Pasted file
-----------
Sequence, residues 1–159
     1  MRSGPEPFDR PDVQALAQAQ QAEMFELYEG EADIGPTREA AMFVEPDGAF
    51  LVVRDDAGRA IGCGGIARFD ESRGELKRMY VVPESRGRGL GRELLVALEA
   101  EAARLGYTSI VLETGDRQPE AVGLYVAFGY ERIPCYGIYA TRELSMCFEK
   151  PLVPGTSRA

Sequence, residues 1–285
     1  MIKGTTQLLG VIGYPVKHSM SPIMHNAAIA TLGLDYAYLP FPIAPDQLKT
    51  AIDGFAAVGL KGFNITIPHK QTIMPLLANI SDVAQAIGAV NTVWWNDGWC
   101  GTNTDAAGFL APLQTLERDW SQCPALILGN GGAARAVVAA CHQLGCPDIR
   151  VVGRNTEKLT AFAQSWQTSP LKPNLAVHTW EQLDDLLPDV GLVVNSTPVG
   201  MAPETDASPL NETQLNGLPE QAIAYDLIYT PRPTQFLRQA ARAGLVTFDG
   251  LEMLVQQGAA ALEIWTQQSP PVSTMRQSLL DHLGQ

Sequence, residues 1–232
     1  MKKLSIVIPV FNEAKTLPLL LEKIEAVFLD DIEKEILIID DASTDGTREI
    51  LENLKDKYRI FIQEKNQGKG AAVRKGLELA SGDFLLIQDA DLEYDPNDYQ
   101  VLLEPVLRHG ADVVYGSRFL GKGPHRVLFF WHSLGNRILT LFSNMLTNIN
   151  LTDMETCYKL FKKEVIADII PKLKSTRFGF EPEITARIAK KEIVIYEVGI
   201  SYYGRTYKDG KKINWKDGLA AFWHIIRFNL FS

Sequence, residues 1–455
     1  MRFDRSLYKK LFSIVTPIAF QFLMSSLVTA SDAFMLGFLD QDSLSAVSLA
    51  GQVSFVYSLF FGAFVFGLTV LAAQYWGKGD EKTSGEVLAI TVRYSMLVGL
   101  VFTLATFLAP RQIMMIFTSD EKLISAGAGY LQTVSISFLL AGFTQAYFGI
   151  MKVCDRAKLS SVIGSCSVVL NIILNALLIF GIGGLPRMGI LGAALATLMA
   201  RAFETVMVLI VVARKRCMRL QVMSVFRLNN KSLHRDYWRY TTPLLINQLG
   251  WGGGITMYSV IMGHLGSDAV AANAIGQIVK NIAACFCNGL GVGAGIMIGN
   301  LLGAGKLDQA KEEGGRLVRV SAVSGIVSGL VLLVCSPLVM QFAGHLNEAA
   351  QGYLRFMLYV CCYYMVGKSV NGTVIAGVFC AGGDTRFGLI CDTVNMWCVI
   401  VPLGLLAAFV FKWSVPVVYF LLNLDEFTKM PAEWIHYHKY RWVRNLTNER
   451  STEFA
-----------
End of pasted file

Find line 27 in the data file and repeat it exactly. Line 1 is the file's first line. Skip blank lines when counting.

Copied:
   351  QGYLRFMLYV CCYYMVGKSV NGTVIAGVFC AGGDTRFGLI CDTVNMWCVI